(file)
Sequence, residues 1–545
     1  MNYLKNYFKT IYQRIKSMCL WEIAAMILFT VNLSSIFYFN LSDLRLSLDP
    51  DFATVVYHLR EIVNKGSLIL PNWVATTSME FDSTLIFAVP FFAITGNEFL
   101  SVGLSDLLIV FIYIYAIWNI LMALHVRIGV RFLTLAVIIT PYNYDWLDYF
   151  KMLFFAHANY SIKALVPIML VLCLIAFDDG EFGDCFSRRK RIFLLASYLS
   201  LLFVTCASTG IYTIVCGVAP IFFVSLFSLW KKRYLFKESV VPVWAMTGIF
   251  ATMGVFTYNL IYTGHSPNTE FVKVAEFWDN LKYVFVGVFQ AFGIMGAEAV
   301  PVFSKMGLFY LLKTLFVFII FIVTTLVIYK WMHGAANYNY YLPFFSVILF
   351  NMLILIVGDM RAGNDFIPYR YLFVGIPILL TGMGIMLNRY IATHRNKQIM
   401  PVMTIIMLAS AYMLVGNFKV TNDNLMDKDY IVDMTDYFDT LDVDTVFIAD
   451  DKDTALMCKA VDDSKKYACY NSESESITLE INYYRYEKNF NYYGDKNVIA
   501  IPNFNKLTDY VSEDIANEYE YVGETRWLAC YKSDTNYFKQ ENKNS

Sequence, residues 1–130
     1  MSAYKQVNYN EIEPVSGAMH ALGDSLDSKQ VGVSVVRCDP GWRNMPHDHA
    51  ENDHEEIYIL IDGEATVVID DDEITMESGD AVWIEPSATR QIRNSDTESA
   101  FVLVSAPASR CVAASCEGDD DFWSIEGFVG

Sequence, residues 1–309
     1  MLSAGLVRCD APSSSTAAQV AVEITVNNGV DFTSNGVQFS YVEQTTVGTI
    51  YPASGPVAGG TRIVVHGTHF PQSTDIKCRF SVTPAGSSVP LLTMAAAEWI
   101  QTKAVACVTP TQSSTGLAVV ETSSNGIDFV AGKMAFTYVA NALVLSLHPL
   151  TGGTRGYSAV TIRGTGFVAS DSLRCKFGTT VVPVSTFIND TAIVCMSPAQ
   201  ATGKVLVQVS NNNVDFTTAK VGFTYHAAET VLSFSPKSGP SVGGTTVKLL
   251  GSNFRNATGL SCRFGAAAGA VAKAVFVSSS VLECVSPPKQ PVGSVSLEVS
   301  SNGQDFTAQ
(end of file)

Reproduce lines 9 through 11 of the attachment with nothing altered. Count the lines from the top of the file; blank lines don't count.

   351  NMLILIVGDM RAGNDFIPYR YLFVGIPILL TGMGIMLNRY IATHRNKQIM
   401  PVMTIIMLAS AYMLVGNFKV TNDNLMDKDY IVDMTDYFDT LDVDTVFIAD
   451  DKDTALMCKA VDDSKKYACY NSESESITLE INYYRYEKNF NYYGDKNVIA